Nicolaus de Ausmo (d. 1453) Supplementum Summae Pisanellae, Manuscript on Parchment. Italy, mid-15th century. Small quarto format manuscript, 360 leaves, in quires of ten leaves, with horizontal catchwords at the end of each gathering; written in brown ink in a neat cursive hand, ruled in dry point, text in double columns of 47 lines, justified, one gold initial on the first leaf with vining knotwork designs in red, green, and blue (somewhat rubbed),twenty-three four- and six-line Lombard initials in red and blue; paragraph marks in red or blue, neat scribal marginal corrections; lacking at least one quire of tables at the end, approximately twelve lines in one column of the index faded on the last leaf, some slight worming, other minor defects; bound in contemporary reversed tawed leather over wooden boards, rebacked and restored, inner back board wormed, remnants of red fabric ties tacked with four brass star-shaped tacks onto back board, housed in custom made chemise and slipcase, very good, 7 1/4 x 5 in.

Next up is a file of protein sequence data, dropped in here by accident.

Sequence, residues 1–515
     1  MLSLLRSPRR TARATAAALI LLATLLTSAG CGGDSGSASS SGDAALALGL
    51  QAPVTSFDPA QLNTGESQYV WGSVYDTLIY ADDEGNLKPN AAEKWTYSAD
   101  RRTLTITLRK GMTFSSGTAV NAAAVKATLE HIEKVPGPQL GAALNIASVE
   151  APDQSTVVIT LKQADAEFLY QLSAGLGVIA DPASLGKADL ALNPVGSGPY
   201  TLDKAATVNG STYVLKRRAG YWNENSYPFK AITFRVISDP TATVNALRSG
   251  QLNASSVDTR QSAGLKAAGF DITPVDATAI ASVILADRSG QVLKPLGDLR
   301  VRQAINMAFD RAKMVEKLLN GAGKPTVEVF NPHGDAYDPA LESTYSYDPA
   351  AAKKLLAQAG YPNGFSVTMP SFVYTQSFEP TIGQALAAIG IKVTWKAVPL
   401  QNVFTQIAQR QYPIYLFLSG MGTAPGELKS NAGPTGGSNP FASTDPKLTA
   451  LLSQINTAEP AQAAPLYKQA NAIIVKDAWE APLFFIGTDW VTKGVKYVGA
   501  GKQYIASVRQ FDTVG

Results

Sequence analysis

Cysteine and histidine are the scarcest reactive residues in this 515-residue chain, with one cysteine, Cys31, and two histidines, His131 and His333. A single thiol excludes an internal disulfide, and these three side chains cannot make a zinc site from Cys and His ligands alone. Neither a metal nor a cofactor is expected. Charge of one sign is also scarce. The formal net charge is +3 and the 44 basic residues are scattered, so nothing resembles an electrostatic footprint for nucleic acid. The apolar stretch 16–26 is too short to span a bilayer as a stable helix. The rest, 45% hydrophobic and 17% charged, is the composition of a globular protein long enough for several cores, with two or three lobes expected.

Nicolaus de Ausmo's work was completed in Milan on 28 November 1444 as a supplement to an older guide to confessors, the Summa de Casibus Conscientiae, written by Bartholomew of San Concordio (1260-1347) about a century earlier, in an effort to keep up with changes to canon law. The first printed edition appeared in 1473, and was subsequently printed in twenty-four other editions during the incunabula period. During the gap between the text's completion and its first appearance in print, this popular manual would only have been available to confessors in manuscript form. Even so, fewer than ten other manuscript copies of the text from this period are recorded in libraries worldwide.
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